Hospital executives gathered Wednesday at the New Jersey Hospital Association offices in Princeton for a day of leadership lectures, focusing on the relationship between quality outcomes and operating an efficient facility.
The event brought together five speakers covering a spectrum of topics, from scientific analysis of organization management to the patient experience.
John Nance, a founding member of the National Patient Safety Foundation, encouraged hospital leaders to avoid the most dangerous phrase in health care — “that’s the way we’ve always done this.” He told the audience that engaging front-line employees would change the culture and adapt the industry to the growing needs for quality and efficient care.
According to Nance, centering care around the patient, creating teams of providers that feel free to communicate mistakes or concerns, and limiting the variables in care delivery will streamline care and reduce the risk of adverse events.
Dr. Eugene Litvak, president and CEO of the Institute of Healthcare Optimization, which he said will be working with the NJHA and 21 New Jersey hospitals to use organizational management to eliminate waste and improve patient safety.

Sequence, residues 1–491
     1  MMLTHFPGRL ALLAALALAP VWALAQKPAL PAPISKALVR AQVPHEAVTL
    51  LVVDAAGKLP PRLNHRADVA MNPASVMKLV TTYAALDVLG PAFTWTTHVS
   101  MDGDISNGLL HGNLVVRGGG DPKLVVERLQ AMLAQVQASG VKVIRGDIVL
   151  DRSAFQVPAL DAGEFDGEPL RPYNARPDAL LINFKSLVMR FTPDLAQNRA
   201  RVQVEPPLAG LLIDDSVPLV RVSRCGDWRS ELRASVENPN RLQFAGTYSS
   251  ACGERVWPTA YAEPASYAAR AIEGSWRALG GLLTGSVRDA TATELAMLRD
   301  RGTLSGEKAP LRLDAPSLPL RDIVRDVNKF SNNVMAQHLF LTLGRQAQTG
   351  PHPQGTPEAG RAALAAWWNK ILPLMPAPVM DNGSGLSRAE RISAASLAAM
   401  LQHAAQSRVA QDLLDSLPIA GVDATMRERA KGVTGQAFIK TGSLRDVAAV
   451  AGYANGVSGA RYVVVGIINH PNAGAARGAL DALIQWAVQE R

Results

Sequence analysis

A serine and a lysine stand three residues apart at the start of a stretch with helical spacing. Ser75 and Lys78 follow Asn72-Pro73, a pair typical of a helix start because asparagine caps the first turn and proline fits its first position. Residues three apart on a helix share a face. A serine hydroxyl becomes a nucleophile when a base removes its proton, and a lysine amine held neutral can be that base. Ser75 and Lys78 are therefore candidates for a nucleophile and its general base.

Litvak demonstrated previous success at national hospitals using his methods to control variability in admissions and visits, which is turned into more attentive care.
The morning session was closed with Sorrel King, whose 18-month-old daughter died in 2002 as a result of a medical error at Johns Hopkins Hospital, in Baltimore. King challenged the audience to learn from mistakes, apologize to those harmed and tell the truth.
Presentations on the business case for quality improvement and perspective from the Centers for Medicare and Medicaid Services are scheduled for the afternoon.